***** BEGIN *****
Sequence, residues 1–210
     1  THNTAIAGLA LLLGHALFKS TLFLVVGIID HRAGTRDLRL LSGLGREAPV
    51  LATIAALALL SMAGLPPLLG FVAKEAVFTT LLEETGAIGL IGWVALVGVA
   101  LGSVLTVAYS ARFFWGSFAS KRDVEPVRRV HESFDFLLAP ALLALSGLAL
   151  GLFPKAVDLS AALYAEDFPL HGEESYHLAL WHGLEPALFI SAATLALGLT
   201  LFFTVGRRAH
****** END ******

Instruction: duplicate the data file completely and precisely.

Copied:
Sequence, residues 1–210
     1  THNTAIAGLA LLLGHALFKS TLFLVVGIID HRAGTRDLRL LSGLGREAPV
    51  LATIAALALL SMAGLPPLLG FVAKEAVFTT LLEETGAIGL IGWVALVGVA
   101  LGSVLTVAYS ARFFWGSFAS KRDVEPVRRV HESFDFLLAP ALLALSGLAL
   151  GLFPKAVDLS AALYAEDFPL HGEESYHLAL WHGLEPALFI SAATLALGLT
   201  LFFTVGRRAH